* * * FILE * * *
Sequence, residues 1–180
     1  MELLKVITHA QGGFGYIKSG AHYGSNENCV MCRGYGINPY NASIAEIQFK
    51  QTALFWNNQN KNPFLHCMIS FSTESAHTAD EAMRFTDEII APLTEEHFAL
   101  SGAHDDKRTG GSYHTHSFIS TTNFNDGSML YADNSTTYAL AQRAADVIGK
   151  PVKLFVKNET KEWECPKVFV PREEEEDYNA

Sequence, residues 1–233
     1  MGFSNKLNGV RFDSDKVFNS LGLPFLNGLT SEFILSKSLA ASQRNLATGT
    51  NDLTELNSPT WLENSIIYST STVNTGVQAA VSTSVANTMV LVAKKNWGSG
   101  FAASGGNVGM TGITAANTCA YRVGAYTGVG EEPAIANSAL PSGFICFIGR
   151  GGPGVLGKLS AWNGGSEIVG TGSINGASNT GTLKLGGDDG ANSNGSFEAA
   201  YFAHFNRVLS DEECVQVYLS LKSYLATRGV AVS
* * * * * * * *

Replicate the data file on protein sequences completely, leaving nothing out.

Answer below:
Sequence, residues 1–180
     1  MELLKVITHA QGGFGYIKSG AHYGSNENCV MCRGYGINPY NASIAEIQFK
    51  QTALFWNNQN KNPFLHCMIS FSTESAHTAD EAMRFTDEII APLTEEHFAL
   101  SGAHDDKRTG GSYHTHSFIS TTNFNDGSML YADNSTTYAL AQRAADVIGK
   151  PVKLFVKNET KEWECPKVFV PREEEEDYNA

Sequence, residues 1–233
     1  MGFSNKLNGV RFDSDKVFNS LGLPFLNGLT SEFILSKSLA ASQRNLATGT
    51  NDLTELNSPT WLENSIIYST STVNTGVQAA VSTSVANTMV LVAKKNWGSG
   101  FAASGGNVGM TGITAANTCA YRVGAYTGVG EEPAIANSAL PSGFICFIGR
   151  GGPGVLGKLS AWNGGSEIVG TGSINGASNT GTLKLGGDDG ANSNGSFEAA
   201  YFAHFNRVLS DEECVQVYLS LKSYLATRGV AVS